Here are some questions and answers for travelers regarding swine flu, flights and cruises to Mexico, travel insurance, and how to protect yourself while traveling.
Q. Can I travel to Mexico?
A. Yes. Flights continue from the U.S. to Mexico, with most airlines reporting few cancellations and no changes in schedules because of the swine flu outbreak.
Q. Should I continue with a planned trip to Mexico?
A. The U.S. Centers for Disease Control and Prevention states that “continued travel by U.S. travelers to Mexico presents a serious risk for further outbreaks of swine flu in the United States” and “recommends that U.S. travelers avoid all nonessential travel to Mexico.” That said, some individuals are going ahead with planned trips, according to interviews with tour group leaders, travelers and online forums.
Q. What about cruises to Mexico?
A. Some cruise lines have suspended port calls in Mexico, with ships scheduled for Mexico spending additional time at sea or substituting port calls elsewhere. Check your cruise line’s Web site or call for details.
Q. If I cancel a planned trip because of the swine flu scare, will I get a refund?
A. It depends. Most airlines are waiving fees for rebooking flights at least for the next week or two. Some resorts with hotels in Mexico and other locations are permitting travelers to switch destinations if they have availability at say, a hotel owned by the same company in the Caribbean. But you’d have to rebook your airfare to a new destination, which depends on airline availability and may cost more than your original flight. Some travel suppliers are providing refunds or credits toward future vacations; some are not. Call and ask.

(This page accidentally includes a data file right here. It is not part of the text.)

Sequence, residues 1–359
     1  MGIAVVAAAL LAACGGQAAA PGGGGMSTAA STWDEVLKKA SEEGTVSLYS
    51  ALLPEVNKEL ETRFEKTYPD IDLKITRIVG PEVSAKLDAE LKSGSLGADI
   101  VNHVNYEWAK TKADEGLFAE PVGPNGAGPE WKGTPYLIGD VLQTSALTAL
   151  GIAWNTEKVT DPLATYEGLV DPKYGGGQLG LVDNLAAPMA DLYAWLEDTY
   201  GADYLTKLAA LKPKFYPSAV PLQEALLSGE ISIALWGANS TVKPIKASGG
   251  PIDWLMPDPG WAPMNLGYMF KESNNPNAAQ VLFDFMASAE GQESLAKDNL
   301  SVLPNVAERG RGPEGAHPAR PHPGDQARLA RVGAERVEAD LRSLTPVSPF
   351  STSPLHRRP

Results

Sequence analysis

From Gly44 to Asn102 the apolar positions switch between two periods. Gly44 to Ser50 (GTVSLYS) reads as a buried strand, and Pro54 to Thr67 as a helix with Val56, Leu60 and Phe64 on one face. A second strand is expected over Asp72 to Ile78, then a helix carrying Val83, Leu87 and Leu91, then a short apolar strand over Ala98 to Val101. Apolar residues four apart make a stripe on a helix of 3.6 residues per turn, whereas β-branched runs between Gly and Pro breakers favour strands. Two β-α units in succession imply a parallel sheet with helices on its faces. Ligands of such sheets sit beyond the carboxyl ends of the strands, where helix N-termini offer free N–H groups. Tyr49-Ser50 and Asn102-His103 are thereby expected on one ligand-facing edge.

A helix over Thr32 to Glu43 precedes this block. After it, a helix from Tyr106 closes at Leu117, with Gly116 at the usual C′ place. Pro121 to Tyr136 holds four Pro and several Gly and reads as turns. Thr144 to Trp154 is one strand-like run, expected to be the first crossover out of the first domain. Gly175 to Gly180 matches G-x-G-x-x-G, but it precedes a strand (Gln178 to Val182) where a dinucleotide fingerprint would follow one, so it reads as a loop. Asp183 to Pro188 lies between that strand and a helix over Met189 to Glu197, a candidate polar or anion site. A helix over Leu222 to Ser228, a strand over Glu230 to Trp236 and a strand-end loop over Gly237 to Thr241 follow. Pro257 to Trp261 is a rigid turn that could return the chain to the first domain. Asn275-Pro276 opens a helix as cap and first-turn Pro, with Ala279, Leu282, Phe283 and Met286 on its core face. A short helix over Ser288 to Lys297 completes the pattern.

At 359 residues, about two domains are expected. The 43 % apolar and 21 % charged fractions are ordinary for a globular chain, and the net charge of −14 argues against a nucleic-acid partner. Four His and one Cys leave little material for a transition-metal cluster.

Q. If I have travel insurance and cancel a planned trip because of the swine flu scare, will I get a refund?
A. Again, it depends. If you have a “cancel for any reason” insurance policy, you would get a partial refund. But most traditional trip cancellation insurance will not provide coverage for a trip canceled due to a health warning or fear of traveling, according to Dan McGinnity, vice president of TravelGuard. These plans would only provide coverage for travelers who need to cancel or interrupt a trip because they become sick.
Q. Should I wear a face mask if I’m flying or if I’m in an airport?
A. The CDC has not recommended the use of masks by the general public. Swine flu is thought to be transmitted by touching something with the virus and then passing it to the nose or mouth or through coughing or sneezing.
Q. Should I fly if I’m feeling sick?
A. The CDC says: “Do not travel while you are sick, except to get local medical care.”
Q. How can I protect myself from illness while traveling?
A. CDC recommendations are as follows: Wash hands often with soap and water. Use waterless alcohol-based hand gels (containing at least 60 percent alcohol) when soap is not available. Cover mouth and nose with a tissue when you cough or sneeze; if you don’t have a tissue, cough or sneeze into your upper sleeve, not your hands. To keep germs from spreading, don’t touch your eyes, nose, or mouth.
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